An artist as an anarchist

Print edition : August 17, 2018

A.J. Thomas. His translation of Perumpadavam Sreedharan’s Malayalam novel “Oru Sankeertanam Pole”, on the life of Dostoevsky, has hit the market. Photo: V.V. Krishnan

Interview with A.J. Thomas, author, poet and translator.

A FEW minutes into the conversation with the author-poet-translator A.J. Thomas, whose Like A Psalm, the English translation of Perumpadavam Sreedharan’s Malayalam novel Oru Sankeertanam Pole has hit the market, one realises that speaking to him is like peeling an onion—revealing layer after layer before one gets to understand the energy, the imagination, of a poet. He is a lover of literature, one who lives by the crests and troughs of the written word.

Thomas has edited Indian Literature, Sahitya Akademi’s bimonthly journal, and is its guest editor now. He has taught English in Libya for eight years. A recipient of the Katha Award, he counts among his guests many Sahitya Akademi Award winners. Amidst all this he has found time to do an English translation of Sreedharan’s novel. Based on the events of a crucial six-month period in the life of Fyodor Dostoevsky, the novel in Malayalam has run into 80 editions since its publication 25 years ago in 1993. It speaks of how Dostoevsky was tricked by a publisher, F.T. Stellovsky, into signing a contract that would have forced him to forfeit the royalties of all his works if he did not complete the new novel in a month’s time. To assist him with the novel, The Gambler, Dostoevsky hires the services of Anna Grigorievna as a stenographer. Though he finished the book in time, Stellovsky had by then left the town, but Anna had the manuscript taken to the police station and submitted it there.

The two go beyond their professional commitment even as Dostoevsky strives to meet his deadline and then retreats to his own world where the appreciation of others would not matter a bit. “Please do not think I am indulging in self-praise. There would not be a peak which can equal it in the whole world of literature,” Dostoevsky tells Anna, conscious of his abilities. Yet all these emotional undercurrents portrayed in the novel would have remained beyond the reach of a non-Malayali reader but for Thomas’ labour of love. Incidentally, he started doing the translation some 15 years ago. But he soon he realised that literature, too, had to sell like soap or washing powder for a publisher to pick a manuscript. That entailed a long wait before LiFi Publications came forward to open a window to the world of Dostoevsky through the pen of Sreedharan and the translation of Thomas. Excerpts from an interview he gave Frontline:

Translation is a bridge to the original language. How far do you agree?

Of course. But the content of a book of this type is not a Malayali-specific one. The story is not limited to a geographical span. If it is a book specific to the culture of Kerala, then it becomes very difficult to translate. For such a book the translation would be a rickety bridge where you have to manoeuvre your way through. Translation is not that easy. I have been at it for 40 years. You have to have the mind of a pioneer to find your way out as a translator.

I am asking this because you have been on both sides of the fence.

In my case, one of my friends, Anwar Ali, tried to translate my poetry into Malayalam. We were in college together. The kind of language I write is very personal. In poetry there is a special kind of language, but when I saw the translation I found that it had become typical Malayalam poetry, the poetry of the old school! I was awestruck. Translation of poetry can only be done by poets. Others who touch poetry for translation will find to their peril that they will not reach anywhere. Otherwise, it will be prose. Only a poet can translate poetry. I can extend it to a level that only an imaginative, creative writer can translate a work of literature.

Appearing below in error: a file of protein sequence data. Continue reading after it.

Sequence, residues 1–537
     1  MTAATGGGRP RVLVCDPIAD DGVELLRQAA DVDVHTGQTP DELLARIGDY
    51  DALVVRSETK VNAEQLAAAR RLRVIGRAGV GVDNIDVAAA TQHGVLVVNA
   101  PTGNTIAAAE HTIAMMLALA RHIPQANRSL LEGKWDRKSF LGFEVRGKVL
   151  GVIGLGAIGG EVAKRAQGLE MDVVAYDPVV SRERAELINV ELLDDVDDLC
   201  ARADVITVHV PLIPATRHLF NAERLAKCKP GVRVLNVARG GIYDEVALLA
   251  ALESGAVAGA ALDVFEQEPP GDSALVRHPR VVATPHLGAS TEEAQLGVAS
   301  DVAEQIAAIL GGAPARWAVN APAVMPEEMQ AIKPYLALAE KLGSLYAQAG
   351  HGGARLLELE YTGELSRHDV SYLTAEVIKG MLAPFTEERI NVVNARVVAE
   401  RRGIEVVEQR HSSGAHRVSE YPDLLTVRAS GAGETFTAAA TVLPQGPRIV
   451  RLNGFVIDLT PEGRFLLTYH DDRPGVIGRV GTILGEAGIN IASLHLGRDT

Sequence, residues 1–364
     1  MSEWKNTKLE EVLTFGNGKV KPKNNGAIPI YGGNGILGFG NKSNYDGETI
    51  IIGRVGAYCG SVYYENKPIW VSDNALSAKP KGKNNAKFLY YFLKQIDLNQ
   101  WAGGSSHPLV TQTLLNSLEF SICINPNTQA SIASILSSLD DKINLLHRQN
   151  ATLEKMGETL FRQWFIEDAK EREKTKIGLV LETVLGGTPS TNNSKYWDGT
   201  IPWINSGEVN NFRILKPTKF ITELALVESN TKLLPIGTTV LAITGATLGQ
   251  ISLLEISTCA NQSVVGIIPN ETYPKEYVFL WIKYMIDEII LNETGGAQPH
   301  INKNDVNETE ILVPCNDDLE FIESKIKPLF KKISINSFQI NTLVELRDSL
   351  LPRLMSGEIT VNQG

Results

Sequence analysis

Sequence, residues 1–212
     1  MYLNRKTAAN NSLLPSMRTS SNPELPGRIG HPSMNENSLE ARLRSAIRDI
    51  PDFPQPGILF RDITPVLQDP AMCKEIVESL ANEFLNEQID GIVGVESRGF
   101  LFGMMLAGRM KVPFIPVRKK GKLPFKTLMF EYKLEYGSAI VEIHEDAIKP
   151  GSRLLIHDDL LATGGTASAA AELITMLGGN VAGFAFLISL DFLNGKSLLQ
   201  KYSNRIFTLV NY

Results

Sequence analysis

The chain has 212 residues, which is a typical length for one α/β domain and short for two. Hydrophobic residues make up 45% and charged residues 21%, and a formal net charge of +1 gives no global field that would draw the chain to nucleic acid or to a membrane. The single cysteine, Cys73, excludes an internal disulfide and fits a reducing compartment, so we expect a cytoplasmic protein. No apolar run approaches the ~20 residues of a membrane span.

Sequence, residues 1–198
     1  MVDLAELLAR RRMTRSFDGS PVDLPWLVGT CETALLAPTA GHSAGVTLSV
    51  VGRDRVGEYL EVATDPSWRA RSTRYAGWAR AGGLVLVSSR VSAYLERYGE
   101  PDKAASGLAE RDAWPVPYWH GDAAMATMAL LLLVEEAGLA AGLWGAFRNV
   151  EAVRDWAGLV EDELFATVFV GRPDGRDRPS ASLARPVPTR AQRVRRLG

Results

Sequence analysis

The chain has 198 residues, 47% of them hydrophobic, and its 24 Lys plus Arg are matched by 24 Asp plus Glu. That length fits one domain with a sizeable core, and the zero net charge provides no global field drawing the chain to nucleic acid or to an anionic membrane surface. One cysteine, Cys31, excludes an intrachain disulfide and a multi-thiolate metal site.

So, how did a poet like you decide to translate a novel?

Well, I have been doing it for a long time, some 40 years. But I am not a professional translator, the kind you can commission to do one. I only do friends’ works. I do it out of love.

What drew you to Perumpadavam Sreedharan’s novel that you decided to take it up for translation?

Dostoevsky has been my staple. We all grew up on him. Many Malayalam-speaking people have grown up reading his translated works. He was a passion for people of my age. Even for people in their 40s. From there on, there has been a disconnect. Many of the youngsters do not know even modern Malayalam masters. [Vaikom Muhammad] Basheer is an exception. [O.V.] Vijayan is an exception. They are icons. The younger generation retains some touch with icons, others they avoid. No nodding acquaintance even.

Is that because of the absence of new voices in Malayalam literature?

The kind of turn culture has taken, it is all about films, TV, visual and performing arts, gaming, etc. Then the kind of time these things take. Today, students, IT workers do not have much time. They are pretty intense, concerned, about their career. The time available for them is limited. During that time, they would read only the six-seven icons. The reading habit is getting more and more limited.

Is it like a guy in Delhi going to Delhi University or Jamia Millia Islamia and reading Chetan Bhagat on the Metro?

Yes, but I do not think even Chetan Bhagat is okay with them. He is for the young executive. The fashionable ones among them somehow lay their hands on some fancy names to read. The real intellectuals, the JNU type, will go in for theory, debate.

Chetan Bhagat, to me, is very racy. You can read him cover to cover, if you do not have that kind of reflective mind.

Or literary grooming?

It is one way. It is like you watch certain kind of Bollywood films. Everything now is a cultural product, or even a literary product. Unabashedly so. Only the literary reader, or a filmgoer who is interested in real cinema of, say, Mani Kaul, will understand the cleft between the real and the popular.

Like it was with the Manmohan Desai versus Shyam Benegal debate in the 1970s?